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Beta-Lactam Infusion in Severe Sepsis (BLISS): a prospective, two-centre, open-labelled randomised controlled trial of continuous versus intermittent beta-lactam infusion in critically ill patients with severe sepsis

Abdul Aziz, Mohd. Hafiz and Sulaiman, Helmi and Mat Nor, Mohd Basri and Rai, Vineya and Wong, K. and Hasan, Mohd Shahnaz and Abd. Rahman, Nurul Azrin and Jamal, Janattul-Ain and Wallis, Steven C. and Lipman, Jeffrey and Staatz, Christine E. and Roberts, Jason A. (2016) Beta-Lactam Infusion in Severe Sepsis (BLISS): a prospective, two-centre, open-labelled randomised controlled trial of continuous versus intermittent beta-lactam infusion in critically ill patients with severe sepsis. Intensive care medicine. pp. 1-11. ISSN 0342-4642

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Abstract

This study aims to determine if continuous infusion (CI) is associated with better clinical and pharmacokinetic/pharmacodynamic (PK/PD) outcomes compared to intermittent bolus (IB) dosing in critically ill patients with severe sepsis. This was a two-centre randomised controlled trial of CI versus IB dosing of beta-lactam antibiotics, which enrolled critically ill participants with severe sepsis who were not on renal replacement therapy (RRT). The primary outcome was clinical cure at 14 days after antibiotic cessation. Secondary outcomes were PK/PD target attainment, ICU-free days and ventilator-free days at day 28 post-randomisation, 14- and 30-day survival, and time to white cell count normalisation. A total of 140 participants were enrolled with 70 participants each allocated to CI and IB dosing. CI participants had higher clinical cure rates (56 versus 34 %, p = 0.011) and higher median ventilator-free days (22 versus 14 days, p < 0.043) than IB participants. PK/PD target attainment rates were higher in the CI arm at 100 % fT >MIC than the IB arm on day 1 (97 versus 70 %, p < 0.001) and day 3 (97 versus 68 %, p < 0.001) post-randomisation. There was no difference in 14-day or 30-day survival between the treatment arms. In critically ill patients with severe sepsis not receiving RRT, CI demonstrated higher clinical cure rates and had better PK/PD target attainment compared to IB dosing of beta-lactam antibiotics. Continuous beta-lactam infusion may be mostly advantageous for critically ill patients with high levels of illness severity and not receiving RRT.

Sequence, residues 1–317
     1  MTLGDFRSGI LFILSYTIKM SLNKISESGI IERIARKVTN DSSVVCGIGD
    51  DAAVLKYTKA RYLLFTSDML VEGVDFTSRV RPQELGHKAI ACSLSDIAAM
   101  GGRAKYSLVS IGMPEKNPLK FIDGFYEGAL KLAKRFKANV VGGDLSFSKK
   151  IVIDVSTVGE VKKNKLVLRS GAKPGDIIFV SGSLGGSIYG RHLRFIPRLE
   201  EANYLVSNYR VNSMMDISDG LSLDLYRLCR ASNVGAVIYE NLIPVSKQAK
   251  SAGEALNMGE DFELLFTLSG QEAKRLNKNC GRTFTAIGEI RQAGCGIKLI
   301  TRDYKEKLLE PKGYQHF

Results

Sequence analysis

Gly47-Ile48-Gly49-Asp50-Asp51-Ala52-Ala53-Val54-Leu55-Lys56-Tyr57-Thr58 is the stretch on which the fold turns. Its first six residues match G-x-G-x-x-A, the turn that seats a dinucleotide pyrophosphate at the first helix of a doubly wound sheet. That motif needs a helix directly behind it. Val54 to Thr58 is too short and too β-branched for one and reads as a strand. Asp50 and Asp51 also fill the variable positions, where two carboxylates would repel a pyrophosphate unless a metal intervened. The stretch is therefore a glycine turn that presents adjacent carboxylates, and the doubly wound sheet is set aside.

Item Type: Article (Journal)
Additional Information: 6561/49261
Uncontrolled Keywords: Antibiotics, Critically ill, Intermittent bolus, Pharmacokinetics, Pharmacodynamics, Prolonged infusion
Subjects: Q Science > QR Microbiology
R Medicine > RM Therapeutics. Pharmacology
R Medicine > RS Pharmacy and materia medica
Kulliyyahs/Centres/Divisions/Institutes: Kulliyyah of Pharmacy > Department of Pharmacy Practice
Depositing User: Mohd Hafiz Abdul Aziz
Date Deposited: 03 Feb 2016 12:41
Last Modified: 04 Apr 2017 14:25
URI: http://irep.iium.edu.my/id/eprint/49261

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